Urgent humanitarian action needed to respond to alarming levels of food insecurity and malnutrition in Somalia, South Sudan and Yemen
|Post date||Thursday, 30 March, 2017 - 14:33|
Somalia, South Sudan and Yemen are currently facing alarming levels of food insecurity.
- As of March 2017, nearly 25 million people are facing food crisis, emergency and catastrophe (IPC Phase 3, 4 and 5) and require urgent humanitarian assistance across the three countries. Of these people, 100,000 are facing famine conditions in localized areas of South Sudan.
- Additionally, nearly than 13.6 million people are in Stress conditions (IPC Phase 2) across the three countries, and require support for livelihood protection.
- The number of people in urgent need of humanitarian assistance is growing, especially in Yemen, where the population in Crisis and Emergency has increased by 20% as compared to June 2016, and in Somalia, where current figures represent a two-fold increase as compared to August 2016.
- The situation is expected to deteriorate in the coming months in case of inadequate and untimely response. In Somalia, in a worst case scenario, drought might lead to famine.
- The highest proportions of acutely food insecure populations are among the Internally Displaced Persons (IDPs), host communities and households with high dependency on market purchases.
- Conflict, drought and economic crises are major drivers of escalating food security emergencies in these countries.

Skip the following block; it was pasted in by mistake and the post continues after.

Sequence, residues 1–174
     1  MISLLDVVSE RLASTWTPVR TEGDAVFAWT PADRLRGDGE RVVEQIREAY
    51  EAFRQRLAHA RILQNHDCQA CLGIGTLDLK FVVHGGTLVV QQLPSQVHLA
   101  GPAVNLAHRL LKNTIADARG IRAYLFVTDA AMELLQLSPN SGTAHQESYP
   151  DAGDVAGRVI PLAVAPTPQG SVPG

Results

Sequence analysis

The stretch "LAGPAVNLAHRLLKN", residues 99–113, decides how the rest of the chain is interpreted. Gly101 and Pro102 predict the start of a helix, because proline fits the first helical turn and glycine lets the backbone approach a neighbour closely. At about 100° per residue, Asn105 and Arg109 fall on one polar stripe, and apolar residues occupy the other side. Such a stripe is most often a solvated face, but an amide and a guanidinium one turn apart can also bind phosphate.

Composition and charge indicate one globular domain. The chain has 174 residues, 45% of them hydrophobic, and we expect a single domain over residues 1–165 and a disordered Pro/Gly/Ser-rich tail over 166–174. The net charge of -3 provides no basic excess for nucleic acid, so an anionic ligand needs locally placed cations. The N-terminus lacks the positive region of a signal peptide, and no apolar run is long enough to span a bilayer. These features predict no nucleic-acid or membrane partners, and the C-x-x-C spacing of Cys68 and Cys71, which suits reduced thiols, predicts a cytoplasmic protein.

- Acute malnutrition is a major outcome of the severe food insecurity in the three countries. According to UNICEF (Feb. 2017), over 900,000 children are at risk of death in 2017 in these three countries.
The international community must take urgent action to mitigate and respond to high levels of acute food insecurity.
- Provide immediate humanitarian assistance to 100,000 people facing famine conditions in South Sudan.
- Scale up life-saving humanitarian response and livelihood protection for the 25 million people facing Crisis and Emergency (IPC Phases 3 & 4) across the three countries.
- Advocate for and secure humanitarian access and respect of humanitarian space in the areas that are still inaccessible due to ongoing conflict in these countries.
- Advocate for lifting restrictions that limit importation of essential commodities into Yemen.
- Closely monitor the evolving conflicts, the economic situation, weather patterns (especially in Somalia), food security and nutrition outcomes and humanitarian response and update IPC analyses as needed.